Indie rock band The Wonderlife comprised of Jay Vertin (vocals/guitars), Jacob Lauing (drums/ bass/vocals/piano/guitars) and Peter Verheecke (guitars/vocals) burst onto the scene at the tail end of 2013 with their self-titled debut The Wonderlife. Since then some of the members went off to colleges that were far away from each other which obviously has made getting together for practice close to impossible.
Through Skype or vacations, songs eventually got written for their sophomore effort entitled Anchors. In the end the album had been recorded in Northern California, Los Angeles, Chicago and Montreal. Your first thought might be that the songs aren’t as cohesive as their debut but the opposite is actually true. The songs on Anchors are more refined and display stronger songwriting. On top of that the general flow of the album feels fluid and the band has made some improvements in terms of their technical ability.
The band starts off the album with a perfect opener entitled “The Fog.” It starts with a lone reverb laced guitar and vocals. Vertin sings, “Oh, a light / A shimmer in the night / The savior for a vessel bound to die / Cling, to life / Before we’re out of time / I know we won’t go down without a fight” which adds to the imagery of their cover art. It’s quite an epic opener and reaches some impressive peaks.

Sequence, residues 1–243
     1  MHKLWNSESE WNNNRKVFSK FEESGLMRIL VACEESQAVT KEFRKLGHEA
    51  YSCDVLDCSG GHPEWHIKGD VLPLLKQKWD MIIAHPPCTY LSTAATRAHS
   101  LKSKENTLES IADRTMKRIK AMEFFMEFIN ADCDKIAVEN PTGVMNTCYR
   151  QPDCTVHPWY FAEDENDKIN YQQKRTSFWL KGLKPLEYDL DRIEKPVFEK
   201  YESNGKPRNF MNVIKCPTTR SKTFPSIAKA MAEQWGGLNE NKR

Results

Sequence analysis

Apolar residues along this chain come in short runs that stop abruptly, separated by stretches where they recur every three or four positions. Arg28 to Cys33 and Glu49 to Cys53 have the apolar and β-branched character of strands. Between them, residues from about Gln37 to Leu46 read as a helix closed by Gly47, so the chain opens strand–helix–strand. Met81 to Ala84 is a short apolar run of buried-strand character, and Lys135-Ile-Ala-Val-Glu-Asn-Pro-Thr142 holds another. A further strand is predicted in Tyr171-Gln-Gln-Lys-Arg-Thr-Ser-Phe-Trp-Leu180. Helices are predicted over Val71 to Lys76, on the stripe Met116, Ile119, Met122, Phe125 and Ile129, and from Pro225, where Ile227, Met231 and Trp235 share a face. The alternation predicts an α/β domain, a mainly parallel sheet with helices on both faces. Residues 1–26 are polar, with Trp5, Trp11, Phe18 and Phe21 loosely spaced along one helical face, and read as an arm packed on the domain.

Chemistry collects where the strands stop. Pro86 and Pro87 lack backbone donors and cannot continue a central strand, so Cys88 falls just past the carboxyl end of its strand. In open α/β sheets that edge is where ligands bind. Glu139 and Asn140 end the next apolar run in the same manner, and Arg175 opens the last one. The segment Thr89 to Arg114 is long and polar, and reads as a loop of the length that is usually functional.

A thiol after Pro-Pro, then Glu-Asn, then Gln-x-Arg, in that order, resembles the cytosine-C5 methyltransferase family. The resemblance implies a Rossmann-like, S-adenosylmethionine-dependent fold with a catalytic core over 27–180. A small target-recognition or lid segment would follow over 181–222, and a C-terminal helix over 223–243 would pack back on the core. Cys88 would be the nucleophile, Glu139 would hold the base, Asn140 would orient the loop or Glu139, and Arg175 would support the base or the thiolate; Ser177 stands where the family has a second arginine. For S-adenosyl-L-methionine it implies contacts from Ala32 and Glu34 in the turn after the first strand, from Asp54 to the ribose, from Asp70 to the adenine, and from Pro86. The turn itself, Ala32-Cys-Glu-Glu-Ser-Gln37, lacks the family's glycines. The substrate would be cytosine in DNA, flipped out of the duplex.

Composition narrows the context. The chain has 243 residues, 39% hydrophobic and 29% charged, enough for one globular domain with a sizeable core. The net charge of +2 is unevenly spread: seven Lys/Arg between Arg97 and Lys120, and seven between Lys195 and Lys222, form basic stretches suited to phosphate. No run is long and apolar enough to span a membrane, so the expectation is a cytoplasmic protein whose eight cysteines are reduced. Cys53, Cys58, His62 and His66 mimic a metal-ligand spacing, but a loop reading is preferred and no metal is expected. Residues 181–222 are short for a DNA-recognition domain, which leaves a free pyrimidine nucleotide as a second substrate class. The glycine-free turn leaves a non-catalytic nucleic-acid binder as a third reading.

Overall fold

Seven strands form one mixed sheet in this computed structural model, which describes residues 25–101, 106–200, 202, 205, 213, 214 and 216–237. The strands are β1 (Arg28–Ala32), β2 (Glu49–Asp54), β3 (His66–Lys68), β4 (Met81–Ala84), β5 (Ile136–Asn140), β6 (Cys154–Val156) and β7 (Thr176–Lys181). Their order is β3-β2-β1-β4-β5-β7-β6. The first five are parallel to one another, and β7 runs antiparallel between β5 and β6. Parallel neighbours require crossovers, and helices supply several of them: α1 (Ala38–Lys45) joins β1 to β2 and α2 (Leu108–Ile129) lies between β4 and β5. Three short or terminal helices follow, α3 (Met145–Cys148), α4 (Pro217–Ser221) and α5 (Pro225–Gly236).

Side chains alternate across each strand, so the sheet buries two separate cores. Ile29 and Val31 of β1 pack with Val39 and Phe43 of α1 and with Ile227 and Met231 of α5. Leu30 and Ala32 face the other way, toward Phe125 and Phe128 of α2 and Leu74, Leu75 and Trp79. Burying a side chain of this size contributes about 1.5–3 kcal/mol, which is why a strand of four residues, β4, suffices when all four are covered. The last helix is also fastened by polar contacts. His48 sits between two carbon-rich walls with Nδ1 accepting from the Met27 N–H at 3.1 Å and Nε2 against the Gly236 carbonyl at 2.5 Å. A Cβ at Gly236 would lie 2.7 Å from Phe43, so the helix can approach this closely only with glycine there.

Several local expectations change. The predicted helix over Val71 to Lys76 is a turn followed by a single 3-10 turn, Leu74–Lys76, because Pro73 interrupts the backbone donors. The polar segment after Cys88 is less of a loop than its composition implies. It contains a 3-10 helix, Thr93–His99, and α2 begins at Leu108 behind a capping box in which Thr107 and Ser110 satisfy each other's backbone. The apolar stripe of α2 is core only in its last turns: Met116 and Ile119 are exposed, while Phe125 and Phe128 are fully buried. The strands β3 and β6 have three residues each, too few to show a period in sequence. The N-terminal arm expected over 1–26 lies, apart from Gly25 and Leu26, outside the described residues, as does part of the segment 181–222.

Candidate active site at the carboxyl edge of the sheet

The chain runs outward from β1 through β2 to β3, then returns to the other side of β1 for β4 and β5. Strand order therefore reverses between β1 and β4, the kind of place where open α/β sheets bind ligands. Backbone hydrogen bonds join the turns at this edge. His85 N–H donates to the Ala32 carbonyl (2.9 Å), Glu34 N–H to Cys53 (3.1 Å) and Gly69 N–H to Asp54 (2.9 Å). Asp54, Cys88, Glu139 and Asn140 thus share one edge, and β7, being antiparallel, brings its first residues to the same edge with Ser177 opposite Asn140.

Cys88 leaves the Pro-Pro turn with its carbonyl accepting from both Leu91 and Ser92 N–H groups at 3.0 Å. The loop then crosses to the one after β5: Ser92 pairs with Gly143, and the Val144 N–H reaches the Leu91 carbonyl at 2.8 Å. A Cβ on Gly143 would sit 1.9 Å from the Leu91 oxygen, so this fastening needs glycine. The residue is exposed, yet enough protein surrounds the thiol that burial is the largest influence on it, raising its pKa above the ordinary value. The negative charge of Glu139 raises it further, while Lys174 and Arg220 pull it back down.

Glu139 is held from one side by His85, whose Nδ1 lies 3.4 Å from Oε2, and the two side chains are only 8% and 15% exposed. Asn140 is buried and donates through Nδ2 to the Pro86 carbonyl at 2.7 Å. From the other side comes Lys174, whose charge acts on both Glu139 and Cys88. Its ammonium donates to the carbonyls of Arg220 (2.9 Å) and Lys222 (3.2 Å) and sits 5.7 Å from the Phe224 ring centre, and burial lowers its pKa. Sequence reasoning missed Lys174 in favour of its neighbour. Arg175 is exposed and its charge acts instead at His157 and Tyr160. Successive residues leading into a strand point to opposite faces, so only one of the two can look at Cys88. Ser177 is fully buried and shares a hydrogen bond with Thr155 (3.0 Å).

On the next track “As We Run” the band lightens up the atmosphere and even goes into some parts that blend reggae. The band really starts to flex their muscles a little after the two-minute mark especially the drumming. “Why, Oh Why” is a solid rocker with exceptional lead guitar while “We're Alright” is what you could consider a ballad. I loved the way the bass and drums work on “Let Go” which really makes the song pop. It also doesn’t hurt that the band goes at it with a fast BPM.
“Avenir (feat. Julien Renvoisé)” while featuring some solid guitar action felt like it was completely depleted of energy. It felt a little out of place amongst their other songs. The band plows through a number of huge sounding songs like “Rest Of My Days.” They close with “The Constant,” which is atmospheric and on the verge of dreamlike.
Anchors is a solid album overall but I have to say I thought the first half was especially strong. There are a couple of minor mishaps but I think it was a leap forward for the band since their debut. Recommended.
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